This blends into Cain’s second point, which was that the sport needs more women in power. If there were female coaches or nutritionists on the team, Cain postulates, maybe she never would have gone through the trauma that she did. Track and field, like most (all?) sports, is completely dominated by men. Establishing an environment that is inclusive and inviting for everyone will go a long way towards making athletes feel comfortable and that their concerns are being heard.
This, again, is an issue in which the culture of the sport needs to change. Recognizing women as equals is vital. Hiring more female coaches, especially at the middle- and high-school levels, and having different coaches for men’s and women’s teams. Encouraging young women to follow their passions, and giving them opportunities to grow. By nurturing these dreams instead of mocking them, we can achieve the balanced sport that running deserves to be.
Admittedly, I constantly have to remind myself that, at its heart, this is not an issue about running, or track and field, or sports, but an issue relating to a person’s agency and their control over their own body. It reminds me of how inexplicably fiery and controversial abortion is, or even birth control. It’s nobody’s damn business! The only person in charge of your body is you. I’m sure I’m preaching to the choir on this one, but just in case – just in case! Get your hands off that young girl’s self-worth! Stop touching her faith in herself! What the fuck!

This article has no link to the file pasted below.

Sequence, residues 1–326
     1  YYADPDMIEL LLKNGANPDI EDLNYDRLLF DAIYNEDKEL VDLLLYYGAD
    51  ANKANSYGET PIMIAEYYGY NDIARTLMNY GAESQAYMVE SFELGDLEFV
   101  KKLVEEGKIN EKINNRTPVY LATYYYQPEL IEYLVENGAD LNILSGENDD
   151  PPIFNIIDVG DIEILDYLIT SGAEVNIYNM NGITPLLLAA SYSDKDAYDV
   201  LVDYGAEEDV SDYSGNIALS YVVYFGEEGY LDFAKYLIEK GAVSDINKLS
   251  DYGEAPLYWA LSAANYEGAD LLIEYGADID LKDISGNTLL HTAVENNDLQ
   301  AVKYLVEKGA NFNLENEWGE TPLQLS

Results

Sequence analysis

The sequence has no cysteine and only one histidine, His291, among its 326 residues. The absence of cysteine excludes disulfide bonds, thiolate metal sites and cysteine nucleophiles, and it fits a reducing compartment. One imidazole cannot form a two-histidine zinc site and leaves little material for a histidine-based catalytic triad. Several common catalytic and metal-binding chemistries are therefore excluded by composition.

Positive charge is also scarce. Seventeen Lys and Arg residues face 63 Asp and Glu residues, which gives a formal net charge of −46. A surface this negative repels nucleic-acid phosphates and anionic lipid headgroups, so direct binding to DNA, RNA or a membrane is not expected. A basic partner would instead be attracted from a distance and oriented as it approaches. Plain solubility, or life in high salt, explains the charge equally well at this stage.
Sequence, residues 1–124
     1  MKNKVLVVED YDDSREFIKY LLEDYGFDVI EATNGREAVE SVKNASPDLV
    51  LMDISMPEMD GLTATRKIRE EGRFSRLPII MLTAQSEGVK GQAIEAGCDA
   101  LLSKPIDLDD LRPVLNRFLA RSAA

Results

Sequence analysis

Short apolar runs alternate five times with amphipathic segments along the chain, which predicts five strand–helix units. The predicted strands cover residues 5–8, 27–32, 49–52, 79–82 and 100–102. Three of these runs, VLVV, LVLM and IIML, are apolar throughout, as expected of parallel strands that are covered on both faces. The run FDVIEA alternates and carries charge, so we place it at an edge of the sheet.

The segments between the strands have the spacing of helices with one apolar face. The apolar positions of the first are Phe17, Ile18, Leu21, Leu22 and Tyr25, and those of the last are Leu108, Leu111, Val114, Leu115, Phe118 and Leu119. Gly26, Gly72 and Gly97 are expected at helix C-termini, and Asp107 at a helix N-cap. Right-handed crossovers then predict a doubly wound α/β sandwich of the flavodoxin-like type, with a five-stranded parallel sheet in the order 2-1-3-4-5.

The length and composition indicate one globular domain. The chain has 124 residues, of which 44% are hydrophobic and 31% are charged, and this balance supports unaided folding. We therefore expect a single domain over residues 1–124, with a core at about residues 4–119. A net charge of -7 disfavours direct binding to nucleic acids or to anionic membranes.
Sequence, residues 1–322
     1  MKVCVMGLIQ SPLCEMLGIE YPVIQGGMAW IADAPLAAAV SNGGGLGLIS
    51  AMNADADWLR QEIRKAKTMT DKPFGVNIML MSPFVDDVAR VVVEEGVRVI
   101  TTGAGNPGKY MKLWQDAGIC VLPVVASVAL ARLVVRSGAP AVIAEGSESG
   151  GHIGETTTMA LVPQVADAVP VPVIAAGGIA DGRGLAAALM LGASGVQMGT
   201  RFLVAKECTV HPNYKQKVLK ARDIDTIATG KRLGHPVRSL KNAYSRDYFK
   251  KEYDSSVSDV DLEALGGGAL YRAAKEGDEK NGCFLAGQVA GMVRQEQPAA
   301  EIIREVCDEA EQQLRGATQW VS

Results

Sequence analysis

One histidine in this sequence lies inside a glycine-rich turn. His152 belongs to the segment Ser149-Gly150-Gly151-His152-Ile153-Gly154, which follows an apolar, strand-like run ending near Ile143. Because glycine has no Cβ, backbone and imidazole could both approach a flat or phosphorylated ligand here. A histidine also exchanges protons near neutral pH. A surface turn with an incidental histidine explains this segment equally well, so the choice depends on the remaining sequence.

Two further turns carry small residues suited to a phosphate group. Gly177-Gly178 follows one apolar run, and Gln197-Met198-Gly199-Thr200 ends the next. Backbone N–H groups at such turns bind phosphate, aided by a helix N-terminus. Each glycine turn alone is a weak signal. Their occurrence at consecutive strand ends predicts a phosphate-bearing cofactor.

I think these things are going to get better. It’s going to take a lot of work, and Mary Cain won’t be the last to endure this kind of hardship, but we’ll get there. In the meantime, love yourself and treat yourself with the same respect you would want from other people. You deserve it.